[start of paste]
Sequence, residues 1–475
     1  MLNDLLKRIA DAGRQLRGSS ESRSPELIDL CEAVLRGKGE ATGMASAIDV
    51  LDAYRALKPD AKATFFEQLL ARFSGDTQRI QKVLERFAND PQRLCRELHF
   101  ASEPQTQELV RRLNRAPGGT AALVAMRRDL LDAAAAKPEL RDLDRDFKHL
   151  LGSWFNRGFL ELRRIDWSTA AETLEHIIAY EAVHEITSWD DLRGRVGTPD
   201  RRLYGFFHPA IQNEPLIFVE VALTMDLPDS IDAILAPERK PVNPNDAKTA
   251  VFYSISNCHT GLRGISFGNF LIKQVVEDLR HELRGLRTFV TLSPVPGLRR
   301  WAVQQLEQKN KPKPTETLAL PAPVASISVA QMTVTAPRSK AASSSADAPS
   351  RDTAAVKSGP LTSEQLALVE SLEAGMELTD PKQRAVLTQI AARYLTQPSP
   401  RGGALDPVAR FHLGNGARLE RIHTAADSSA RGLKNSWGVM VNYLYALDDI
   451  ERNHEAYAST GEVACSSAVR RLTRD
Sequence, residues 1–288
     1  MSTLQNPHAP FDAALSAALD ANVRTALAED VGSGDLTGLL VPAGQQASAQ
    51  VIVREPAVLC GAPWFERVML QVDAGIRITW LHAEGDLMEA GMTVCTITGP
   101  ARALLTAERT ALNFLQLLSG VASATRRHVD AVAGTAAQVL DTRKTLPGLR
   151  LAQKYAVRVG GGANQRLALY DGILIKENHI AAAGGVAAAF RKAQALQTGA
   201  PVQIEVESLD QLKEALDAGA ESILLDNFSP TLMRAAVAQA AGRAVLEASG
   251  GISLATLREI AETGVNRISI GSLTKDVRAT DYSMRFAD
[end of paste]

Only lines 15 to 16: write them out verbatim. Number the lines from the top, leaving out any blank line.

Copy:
   101  ARALLTAERT ALNFLQLLSG VASATRRHVD AVAGTAAQVL DTRKTLPGLR
   151  LAQKYAVRVG GGANQRLALY DGILIKENHI AAAGGVAAAF RKAQALQTGA